if not gotsome:
                print "Nothing to take."
            if not args[0] in obj:
                print "I don't know what that is."

def takeobj(x):
    global inventory, items
    if not x in items[current_section]:
        print "I do not see that here."
        if x < 0:
            print "You cannot take that."
            print "Taken."

def drop(args):
    global inventory, items
    if not args:
        print "You must specify an object."
        if not args[0] in obj:
            print "I don't know what that is."
            objnum = obj[args[0]]
            if not objnum in inventory:
                print "You don't have that."
                print "Done."

def examine(args): # examine = look
    if not args:
        describe(-current_section) # long description
        if not args[0] in obj:
            print "I don't know what that is."
            objnum = obj[args[0]]
            if not objnum in inventory and not objnum in items[current_section]:
                print "I don't see that here."
                if objnum >= 0:
                    desc = tk_obj_desc[objnum]
                    desc = perm_obj_desc[abs(objnum)]
                if isinstance(desc, str):
                    print desc
                    print "I see nothing special about that."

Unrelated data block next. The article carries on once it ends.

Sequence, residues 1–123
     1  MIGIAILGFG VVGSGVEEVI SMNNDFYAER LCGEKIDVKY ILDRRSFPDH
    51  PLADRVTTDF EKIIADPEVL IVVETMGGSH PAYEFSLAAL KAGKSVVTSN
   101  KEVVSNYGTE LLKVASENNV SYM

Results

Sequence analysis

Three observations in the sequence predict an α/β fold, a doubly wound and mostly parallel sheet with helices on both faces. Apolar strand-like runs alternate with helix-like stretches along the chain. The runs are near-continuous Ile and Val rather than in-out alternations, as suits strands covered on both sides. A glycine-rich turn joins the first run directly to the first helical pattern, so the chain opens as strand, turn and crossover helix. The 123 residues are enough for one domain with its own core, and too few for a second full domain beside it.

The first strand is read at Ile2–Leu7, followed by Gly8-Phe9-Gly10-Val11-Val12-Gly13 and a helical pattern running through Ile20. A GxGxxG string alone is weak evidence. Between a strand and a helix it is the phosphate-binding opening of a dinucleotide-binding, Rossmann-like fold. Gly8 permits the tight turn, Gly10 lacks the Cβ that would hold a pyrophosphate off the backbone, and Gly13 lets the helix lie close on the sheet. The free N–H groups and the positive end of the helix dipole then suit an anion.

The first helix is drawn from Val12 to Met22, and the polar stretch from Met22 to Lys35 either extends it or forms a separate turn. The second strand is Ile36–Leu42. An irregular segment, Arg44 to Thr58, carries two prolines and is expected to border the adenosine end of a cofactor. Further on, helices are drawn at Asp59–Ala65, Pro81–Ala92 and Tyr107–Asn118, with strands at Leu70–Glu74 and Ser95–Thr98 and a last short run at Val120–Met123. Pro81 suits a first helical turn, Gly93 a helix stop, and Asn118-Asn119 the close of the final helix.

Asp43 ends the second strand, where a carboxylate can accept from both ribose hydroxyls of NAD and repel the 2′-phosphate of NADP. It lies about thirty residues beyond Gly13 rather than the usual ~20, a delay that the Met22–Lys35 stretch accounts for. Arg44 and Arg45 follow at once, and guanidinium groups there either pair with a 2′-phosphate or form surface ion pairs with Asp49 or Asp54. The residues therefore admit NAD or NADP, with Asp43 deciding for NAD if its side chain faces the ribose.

Now write a function that does the special move in a certain direction. Call this special_move. It requires exactly one argument, which is the index of the direction you try to go in. The best thing to do is to check on every special-move (according to the dungeon map), and use an if or elif to control what happens. (Whenever you go to a new section, describe it!)

Consider the number in the map which yields a special move. Replace SPECIALNUMBER in the following function to match that number.

def move(direct):
    global current_section
    newsect = dungeon_map[current_section][direct]
    if newsect == -1:
        print "You can't go that way."
    elif newsect == SPECIALNUMBER:
        current_section = newsect

def north(args):

def south(args):

def east(args):

def west(args):

def northeast(args):

def northwest(args):

def southeast(args):

def southwest(args):

def up(args):

def down(args):

def _in(args):
    # 'in' is a delimeter, and cannot be used as a funcname without entailing invalid syntax